At the KILN meeting on April 20th, I gave a presentation about my experience studying abroad in Ecuador during the fall 2010 semester. Ten other BC students and I took classes at the “Universidad San Francisco de Quito” for the duration of fall semester. I had the opportunity of taking Medical Anthropology and Community Health courses at the university’s medical school located within the “Hospital de los Valles”, a top-ranked private hospital in Cumbaya, Ecuador. Both classes offered eye-opening experiences into the alternative medicine practiced by the people of the Andean region as well as the healthcare challenges facing this population today. I want to elaborate a little more about the community health component of my trip because it goes hand-in-hand with the purpose of the KILN program.

For the community health course at the university, my class was broken down into groups of 6 students. Each group went into an elementary school community to teach children about a major health concern in Ecuador. My group taught fourth and fifth graders at the Carmen Amelia Hidalgo School about nutrition and how to make healthy dietary choices. It is an elementary and middle school open to children from families living significantly below the poverty line—this is one of the few schools that requires no payment or fees and actually admits students based on financial need.

My first assignment as part of this project was to interview the school cafeteria staff, teachers, and students about typical lunch choices. At the school cafeteria, a typical lunch plate (vegetable, starch, meat) cost $0.50 or $0.90 with a drink and dessert. The students would then have to buy their “lunch” within that limit—leaving them to choose from chips, candy, gum, and soda (which cost from $0.05 to $0.25). We stressed the nutritional benefits of such healthy and cost-efficient foods through trivia games, presentations, lessons, and even a puppet show. The children were eager to learn about nutrition and to interact with college students. They were also truly appreciative of everything offered here (and that was not very much at all).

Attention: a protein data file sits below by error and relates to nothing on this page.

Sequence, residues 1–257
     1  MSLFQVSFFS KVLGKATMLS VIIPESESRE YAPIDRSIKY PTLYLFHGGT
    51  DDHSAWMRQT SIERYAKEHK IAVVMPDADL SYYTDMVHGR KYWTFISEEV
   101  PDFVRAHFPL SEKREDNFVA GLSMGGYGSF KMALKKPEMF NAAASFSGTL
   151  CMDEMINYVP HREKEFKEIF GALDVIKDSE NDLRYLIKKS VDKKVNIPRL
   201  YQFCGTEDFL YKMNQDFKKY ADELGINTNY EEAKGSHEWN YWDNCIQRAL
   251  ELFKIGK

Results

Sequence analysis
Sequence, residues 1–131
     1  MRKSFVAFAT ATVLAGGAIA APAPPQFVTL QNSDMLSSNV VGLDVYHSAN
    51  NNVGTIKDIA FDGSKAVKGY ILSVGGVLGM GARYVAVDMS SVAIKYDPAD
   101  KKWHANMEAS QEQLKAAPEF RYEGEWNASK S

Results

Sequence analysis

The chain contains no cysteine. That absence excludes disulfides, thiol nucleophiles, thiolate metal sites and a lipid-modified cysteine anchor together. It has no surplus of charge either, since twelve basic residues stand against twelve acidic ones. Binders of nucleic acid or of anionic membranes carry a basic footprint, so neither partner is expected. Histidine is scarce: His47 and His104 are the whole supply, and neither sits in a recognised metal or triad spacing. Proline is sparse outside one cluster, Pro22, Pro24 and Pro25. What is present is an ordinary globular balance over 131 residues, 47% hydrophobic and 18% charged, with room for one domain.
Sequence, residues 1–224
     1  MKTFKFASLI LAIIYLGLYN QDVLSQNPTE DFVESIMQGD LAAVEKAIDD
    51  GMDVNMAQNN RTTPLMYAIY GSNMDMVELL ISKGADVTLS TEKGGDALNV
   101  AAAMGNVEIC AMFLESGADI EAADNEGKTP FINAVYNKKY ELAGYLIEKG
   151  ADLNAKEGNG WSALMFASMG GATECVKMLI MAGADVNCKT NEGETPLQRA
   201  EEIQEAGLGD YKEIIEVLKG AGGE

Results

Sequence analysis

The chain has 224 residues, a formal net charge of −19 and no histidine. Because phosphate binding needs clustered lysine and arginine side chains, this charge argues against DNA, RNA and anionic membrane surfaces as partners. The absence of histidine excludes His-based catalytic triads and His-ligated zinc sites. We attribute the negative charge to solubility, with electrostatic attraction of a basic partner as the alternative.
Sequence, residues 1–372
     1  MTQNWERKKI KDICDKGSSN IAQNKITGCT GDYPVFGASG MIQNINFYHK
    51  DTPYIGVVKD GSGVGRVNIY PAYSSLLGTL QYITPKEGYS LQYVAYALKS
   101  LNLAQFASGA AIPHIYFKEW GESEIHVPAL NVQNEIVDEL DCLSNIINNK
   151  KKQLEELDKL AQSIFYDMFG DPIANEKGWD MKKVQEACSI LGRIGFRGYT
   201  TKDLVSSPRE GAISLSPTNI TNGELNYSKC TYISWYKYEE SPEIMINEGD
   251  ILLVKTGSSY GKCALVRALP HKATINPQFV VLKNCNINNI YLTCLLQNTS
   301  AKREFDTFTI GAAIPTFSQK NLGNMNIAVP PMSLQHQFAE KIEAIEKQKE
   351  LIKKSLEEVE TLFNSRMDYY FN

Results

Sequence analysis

At the end of the semester, the students showed a remarkable improvement in their knowledge of dietary recommendations, food groups, and lunch choices. Because the Community Health course is a year-long project, my group will continue teaching these grades about nutrition during the spring semester and work with the school administration to improve the cafeteria options.  Additionally, my group will hold an informational session at the school for parents and family members to showcase what the children have learned and educate the parents about making good dietary choices for their families.

By being part of a health project in a community so different from my home in the US, I gained incredible insight into the lives of these generous and positive people. Through immersion in other communities,  students add to their own cultural competence and pave the way towards global health.